Generally, the contact importing tools and resulting friend suggestions have been used by millions of people to make hundreds of millions of friend connections. We're proud of this (since it is clear that real connections are made) but also understand that people should have control. That's why we include a notice in the contact sync (on phones) and upload (on the web) flows that makes it clear that contacts you import may be used generate friend suggestions for you and others. If you're concerned about being suggested as a friend to others based on the contacts in your address book, you can either not upload it, or if you have already uploaded it, you can remove your uploaded contacts (http://www.facebook.com/contact_importer/remove_uploads.php). You can also block any individual people. These steps prevent what the Alex (or rather, his friends) experienced — people being suggested as friends based on having a phone number in their address book.
Also, some of you have noticed that we don't always require a phone verification for an account. This is a security feature designed to prevent spam and fake accounts that is only triggered when certain conditions aren't met.
In other words, I think that this sort of thing is implicit in using Facebook. But for some people, they're not. So do you remind them about this every time they do anything new? I don't know.
After a group perfects Gentry's work.. someone will gear up a homomorphic scheme combined with a generative personal cloud.
The " personal " in PC was most important when C stood for computer. Next, it will be most important when C stands for cloud.
 - http://crypto.stanford.edu/craig/
 - http://futureoftheinternet.org
It's pretty much possible. And Facebook is Evil. But I don't understand how he did to be certain of that ?
We are to the point that to maintain any semblance of privacy, you need at least two email accounts (one you don't mind getting spammed), two phone numbers (one you don't care about facebook and others tracking) and two addresses (a mailing address/box service and your actual physical address).
I'd rather lose my google accounts altogether than link any of my main phones to my gmail account.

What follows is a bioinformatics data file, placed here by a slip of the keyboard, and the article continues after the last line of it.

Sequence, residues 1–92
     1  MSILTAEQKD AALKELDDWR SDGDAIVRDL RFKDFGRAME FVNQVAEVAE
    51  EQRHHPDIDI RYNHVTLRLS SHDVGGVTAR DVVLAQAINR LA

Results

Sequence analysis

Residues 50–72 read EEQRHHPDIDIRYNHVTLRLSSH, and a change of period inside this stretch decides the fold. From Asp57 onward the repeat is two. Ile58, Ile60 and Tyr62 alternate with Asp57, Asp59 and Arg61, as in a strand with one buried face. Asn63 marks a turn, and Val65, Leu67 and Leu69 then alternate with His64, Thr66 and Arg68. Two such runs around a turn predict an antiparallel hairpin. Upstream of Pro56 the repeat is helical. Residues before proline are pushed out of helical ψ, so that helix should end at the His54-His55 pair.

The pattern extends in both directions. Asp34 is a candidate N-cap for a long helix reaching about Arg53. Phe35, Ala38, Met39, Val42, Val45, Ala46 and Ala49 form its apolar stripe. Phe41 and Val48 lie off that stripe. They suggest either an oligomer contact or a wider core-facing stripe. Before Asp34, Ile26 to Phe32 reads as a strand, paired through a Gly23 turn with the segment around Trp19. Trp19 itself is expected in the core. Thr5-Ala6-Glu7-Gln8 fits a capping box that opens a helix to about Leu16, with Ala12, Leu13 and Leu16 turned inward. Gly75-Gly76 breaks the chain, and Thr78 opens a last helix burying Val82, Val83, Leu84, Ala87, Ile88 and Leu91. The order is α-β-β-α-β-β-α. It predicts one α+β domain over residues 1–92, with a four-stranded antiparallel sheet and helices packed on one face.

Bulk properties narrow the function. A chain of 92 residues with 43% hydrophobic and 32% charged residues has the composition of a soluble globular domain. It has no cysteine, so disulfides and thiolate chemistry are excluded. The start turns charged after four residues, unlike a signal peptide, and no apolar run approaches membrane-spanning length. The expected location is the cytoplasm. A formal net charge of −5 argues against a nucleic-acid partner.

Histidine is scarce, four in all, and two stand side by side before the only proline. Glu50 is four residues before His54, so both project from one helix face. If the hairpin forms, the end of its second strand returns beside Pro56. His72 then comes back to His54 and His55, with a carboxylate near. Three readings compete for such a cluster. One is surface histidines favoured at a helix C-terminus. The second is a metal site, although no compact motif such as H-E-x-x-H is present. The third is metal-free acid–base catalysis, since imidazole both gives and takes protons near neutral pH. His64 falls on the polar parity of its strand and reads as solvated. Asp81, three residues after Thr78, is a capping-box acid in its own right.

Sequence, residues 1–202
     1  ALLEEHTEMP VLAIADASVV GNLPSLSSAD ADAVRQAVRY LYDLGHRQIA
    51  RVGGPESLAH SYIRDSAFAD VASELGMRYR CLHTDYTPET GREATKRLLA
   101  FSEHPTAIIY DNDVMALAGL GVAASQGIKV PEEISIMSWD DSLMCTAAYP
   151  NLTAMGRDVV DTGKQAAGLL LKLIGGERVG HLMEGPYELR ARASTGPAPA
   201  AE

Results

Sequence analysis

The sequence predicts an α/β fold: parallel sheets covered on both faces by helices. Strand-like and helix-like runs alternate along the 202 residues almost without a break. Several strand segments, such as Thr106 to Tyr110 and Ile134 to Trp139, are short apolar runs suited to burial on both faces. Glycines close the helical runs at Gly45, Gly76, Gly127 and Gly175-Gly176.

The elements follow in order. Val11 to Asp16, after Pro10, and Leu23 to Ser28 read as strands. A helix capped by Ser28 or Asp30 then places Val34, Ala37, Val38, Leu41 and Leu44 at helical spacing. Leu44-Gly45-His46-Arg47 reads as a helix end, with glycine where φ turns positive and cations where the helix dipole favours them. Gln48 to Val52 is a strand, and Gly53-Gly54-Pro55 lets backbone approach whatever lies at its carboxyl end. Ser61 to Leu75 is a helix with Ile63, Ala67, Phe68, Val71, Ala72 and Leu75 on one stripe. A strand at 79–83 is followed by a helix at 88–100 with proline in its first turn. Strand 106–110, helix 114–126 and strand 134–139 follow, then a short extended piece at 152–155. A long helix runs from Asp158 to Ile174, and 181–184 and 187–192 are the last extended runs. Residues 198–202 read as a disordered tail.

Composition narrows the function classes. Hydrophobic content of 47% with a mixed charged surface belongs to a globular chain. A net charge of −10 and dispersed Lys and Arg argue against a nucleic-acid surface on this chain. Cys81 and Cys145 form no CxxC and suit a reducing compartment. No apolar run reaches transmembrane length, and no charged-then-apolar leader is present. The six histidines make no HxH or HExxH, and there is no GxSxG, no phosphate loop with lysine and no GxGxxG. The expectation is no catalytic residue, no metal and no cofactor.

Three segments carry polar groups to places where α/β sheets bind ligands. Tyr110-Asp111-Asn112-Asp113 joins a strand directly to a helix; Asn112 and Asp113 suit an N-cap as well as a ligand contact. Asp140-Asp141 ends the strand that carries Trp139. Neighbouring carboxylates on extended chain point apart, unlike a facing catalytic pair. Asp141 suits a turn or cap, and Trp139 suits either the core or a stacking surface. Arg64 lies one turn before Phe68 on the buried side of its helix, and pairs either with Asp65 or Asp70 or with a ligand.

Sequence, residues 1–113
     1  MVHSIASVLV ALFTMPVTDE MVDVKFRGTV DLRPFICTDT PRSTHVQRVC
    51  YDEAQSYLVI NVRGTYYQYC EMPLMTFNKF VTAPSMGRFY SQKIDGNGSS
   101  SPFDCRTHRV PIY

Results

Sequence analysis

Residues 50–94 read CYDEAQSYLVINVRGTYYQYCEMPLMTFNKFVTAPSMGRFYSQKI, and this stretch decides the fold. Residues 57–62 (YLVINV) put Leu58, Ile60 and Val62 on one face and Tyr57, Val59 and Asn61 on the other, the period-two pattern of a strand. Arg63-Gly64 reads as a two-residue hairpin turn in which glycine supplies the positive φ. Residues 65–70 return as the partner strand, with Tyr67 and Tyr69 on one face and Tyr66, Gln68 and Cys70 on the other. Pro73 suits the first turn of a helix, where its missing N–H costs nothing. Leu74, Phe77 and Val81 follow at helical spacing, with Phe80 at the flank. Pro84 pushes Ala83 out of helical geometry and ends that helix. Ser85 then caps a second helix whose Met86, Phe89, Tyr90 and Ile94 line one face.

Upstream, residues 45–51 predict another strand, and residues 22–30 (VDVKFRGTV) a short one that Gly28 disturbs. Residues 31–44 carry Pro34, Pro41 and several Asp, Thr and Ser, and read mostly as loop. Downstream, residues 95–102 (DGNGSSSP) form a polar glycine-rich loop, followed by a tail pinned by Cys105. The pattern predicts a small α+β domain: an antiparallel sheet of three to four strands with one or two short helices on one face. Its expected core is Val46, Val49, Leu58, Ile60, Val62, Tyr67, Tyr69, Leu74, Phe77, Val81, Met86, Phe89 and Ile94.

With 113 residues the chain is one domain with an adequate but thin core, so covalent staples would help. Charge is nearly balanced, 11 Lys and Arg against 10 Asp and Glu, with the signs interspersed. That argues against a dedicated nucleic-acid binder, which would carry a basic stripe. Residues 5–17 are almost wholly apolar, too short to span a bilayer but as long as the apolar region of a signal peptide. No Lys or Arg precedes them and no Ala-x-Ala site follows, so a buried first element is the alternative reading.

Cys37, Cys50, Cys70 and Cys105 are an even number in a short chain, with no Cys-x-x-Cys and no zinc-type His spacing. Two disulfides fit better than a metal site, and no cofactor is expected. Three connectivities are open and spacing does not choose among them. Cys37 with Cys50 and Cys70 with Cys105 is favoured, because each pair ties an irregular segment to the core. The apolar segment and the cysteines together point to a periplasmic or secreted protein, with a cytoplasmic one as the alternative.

(Yes if they scrap someone's else phone and your phone number happens to be there then ya there is some issue. Is there any precedent of google scraping phones through any means ?)
How can Facebook have access to numbers on anyone's phone?
It seems that I am heavily downvoted, so... sorry for my comment.
An iOS app needs explicit user permission to know your location, or to send you push notifications. It doesn't need to ask if it wants into your phone book and calendars.
Any app on the iOS App Store can read your phone book and calendars and do anything they want to this information. This is a mind-bogglingly gaping security hole.
Results were not that unexpected save one, but it seems like a friend of a friend.
I'm assuming phone number verification checks that you own the number via SMS; so it just acts as a reverse-stalker (I'd be worried about people I _don't_ know having my phone number saved).
At the very least, the friend could have blocked the set of people he didn't want to know about his preferences from the "gay" account: otherwise what stopped a simple search by name from showing both accounts?
1. People may very well have an account with a fake name, so that it doesn't show up in search. In France, for example, a large number of FB users are stripping out the vowels from their last name to make their FB account less findable.
2. According to the article, it's not the "gay friend" that put his phone number on his hidden account. He merely has OP's number in his phone address book (wich is normal since they are friends in real life), and the FB app is pulling this information.
2) That was what I meant -- syncing actual details with your anonymous persona.
You work at Facebook, don't you?
I'm a bit curious about why a search for name won't show the alternate persona? I've had friends who made 2 profiles and both used to show up whenever I typed their name in; and his # being listed publicly doesn't affect the argument either way.
Edit: Reply to child comment by jarofgreen: apparently the comments are too deeply nested to reply directly: "using FB wrong therefore deserves to have his privacy violated"